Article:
St. Maarten’s Wild Birds are Consuming Large Amounts of Single-Use Plastics

The Nature Foundation St Maarten once more points out the danger of single-use plastics in our environment and nature, and recently located many plastics in our natural habitats. In the last weeks, the Nature Foundation witnessed on several occasions birds to be eating our single-use plastics thinking it is food. This pattern, of animals eating plastic thinking it is food, happens to many other birds, marine life species and numerous other species on St Maarten, mainly because of the large amount of single-use plastics being litter. The Nature Foundation once more urges the need of banning single-use plastics for St Maarten and truly encourages all businesses and residents to reduce single-use plastics and use reusable and biodegradable alternatives instead.

“If a bird eats a single-use plastic, the plastic will block access to food in its throat and stomach, leading to the death of the animal. Or the stomach of the bird can accumulate plastics over time, leaving no space for food, causing the bird eventually to starve and die. Beside the destructive impacts on birds, these plastics are also being ingested by many order species and are a significant threat causing starvation to sea turtles, marine mammals, other wildlife and fish species. Regularly, these species starve to death due to the accidental ingestion of plastics or often they think the plastic is actually food. Plastic does not just look like food, for many animals it smells, feels and even sounds like food, as plastic pieces collect algae and take on an odor that is similar to food that species consume” explained Nature Foundation’s Projects and Research Officer Melanie Meijer zu Schlochtern.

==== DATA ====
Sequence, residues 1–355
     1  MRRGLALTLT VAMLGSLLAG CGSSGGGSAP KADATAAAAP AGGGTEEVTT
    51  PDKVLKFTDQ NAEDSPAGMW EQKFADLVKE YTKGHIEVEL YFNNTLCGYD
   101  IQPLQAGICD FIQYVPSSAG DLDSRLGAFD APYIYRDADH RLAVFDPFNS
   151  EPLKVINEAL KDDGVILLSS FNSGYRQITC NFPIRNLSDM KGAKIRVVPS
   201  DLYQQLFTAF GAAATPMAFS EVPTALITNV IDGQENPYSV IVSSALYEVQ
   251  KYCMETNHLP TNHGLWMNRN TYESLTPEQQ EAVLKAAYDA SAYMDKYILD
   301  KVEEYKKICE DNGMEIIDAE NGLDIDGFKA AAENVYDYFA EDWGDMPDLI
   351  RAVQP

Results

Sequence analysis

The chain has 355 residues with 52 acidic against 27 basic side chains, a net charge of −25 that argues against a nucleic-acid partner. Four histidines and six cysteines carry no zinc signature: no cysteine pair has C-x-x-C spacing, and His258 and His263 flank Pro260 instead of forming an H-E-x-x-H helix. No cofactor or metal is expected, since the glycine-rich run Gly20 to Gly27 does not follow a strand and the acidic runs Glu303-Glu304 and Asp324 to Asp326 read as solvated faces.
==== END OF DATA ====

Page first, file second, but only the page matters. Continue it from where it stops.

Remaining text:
Plastic items do not biodegrade and stay in the ecosystems and oceans for ever, causing impacts to the environment, animals and even us humans. Plastic releases harmful chemicals when it breaks down into smaller pieces that are ingested by many birds, wildlife, marine life and eventually humans. At least 180 species of marine animals have been documented consuming plastic, from tiny plankton to gigantic whales. It is estimated that about 700 marine species are currently threatened with extinction due to the risk of ingesting or becoming entangled in plastic waste.

“These pictures show us all the reasons why we should refuse single-use plastics and need a ban for these plastics, why we should not litter and cleanup our environment instead. We are asking all businesses and residents to stop using single-use plastics and use biodegradable and reusable alternatives instead, we have to take responsibility in our own hands and we do not have the time anymore to wait until the government bans these items” continued Meijer zu Schlochtern.

Reduce and Reuse project is designed to teach and encourage residents, children and businesses to reduce their waste output and clean-up the environment. The Nature Foundation started the project after Hurricane Irma hit the island and an increase of the already large amounts of single-use plastic waste was found in the environment, nature and waters surrounding Sint Maarten.

Photo caption 1 and 2: Great Egret bird eating single-use plastics on our island photo credit; Etienne Lake.